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Counting Crows

June 11, 2015

Crows display impressive math prowess, using brain regions entirely different from those of mammals.

Transcript

BOB HIRSHON (host):

Crow indicates dots on a touchscreen Andreas Nieder

Crow indicates dots on a touchscreen. (Andreas Nieder)

Counting crows. I’m Bob Hirshon and this is Science Update.

People are experts at tallying up how many objects there are in a group. In the Proceedings of the National Academy of Sciences, University of Tubingen animal physiologist Andreas Nieder and his colleagues have shown that crows are also expert at it. He says the family trees of mammals and birds diverged three-hundred million years   ago, from small-brained reptilian ancestors.

ANDREAS NIEDER (University of Tubingen):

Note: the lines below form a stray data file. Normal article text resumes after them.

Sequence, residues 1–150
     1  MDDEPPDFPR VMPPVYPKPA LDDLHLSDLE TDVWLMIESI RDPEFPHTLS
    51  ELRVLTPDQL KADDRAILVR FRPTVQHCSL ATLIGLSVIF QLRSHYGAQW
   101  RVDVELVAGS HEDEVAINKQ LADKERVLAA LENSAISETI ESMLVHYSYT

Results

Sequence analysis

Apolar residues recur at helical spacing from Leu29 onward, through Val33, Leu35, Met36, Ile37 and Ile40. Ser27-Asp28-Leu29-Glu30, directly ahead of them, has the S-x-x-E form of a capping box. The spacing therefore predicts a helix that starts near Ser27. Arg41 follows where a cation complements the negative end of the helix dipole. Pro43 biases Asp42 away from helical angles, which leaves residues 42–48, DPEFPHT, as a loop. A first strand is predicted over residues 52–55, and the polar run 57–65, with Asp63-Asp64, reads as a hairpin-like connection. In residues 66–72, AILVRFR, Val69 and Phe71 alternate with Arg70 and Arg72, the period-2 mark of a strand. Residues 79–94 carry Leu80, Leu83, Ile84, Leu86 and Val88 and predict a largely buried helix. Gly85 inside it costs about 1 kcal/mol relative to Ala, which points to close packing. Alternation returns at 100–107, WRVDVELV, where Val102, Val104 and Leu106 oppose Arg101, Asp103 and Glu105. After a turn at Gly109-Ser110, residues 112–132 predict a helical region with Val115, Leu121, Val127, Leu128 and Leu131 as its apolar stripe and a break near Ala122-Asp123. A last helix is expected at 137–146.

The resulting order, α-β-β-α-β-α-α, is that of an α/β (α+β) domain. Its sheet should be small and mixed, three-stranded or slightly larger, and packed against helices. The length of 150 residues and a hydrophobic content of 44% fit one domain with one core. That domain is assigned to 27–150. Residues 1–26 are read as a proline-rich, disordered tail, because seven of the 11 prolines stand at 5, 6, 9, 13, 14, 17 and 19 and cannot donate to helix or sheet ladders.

But surprisingly, birds and mammals then independently developed higher end-brain centers that are now anatomically very distinct and different. Still, they are able to give rise to these very intelligent high-level cognitive capabilities like numerical competences.

HIRSHON:

He points out that sizing up how many items are in a group is helpful when evaluating food resources, and especially useful for social animals navigating coalitions of friends and foes. I’m Bob Hirshon, for AAAS, the science society.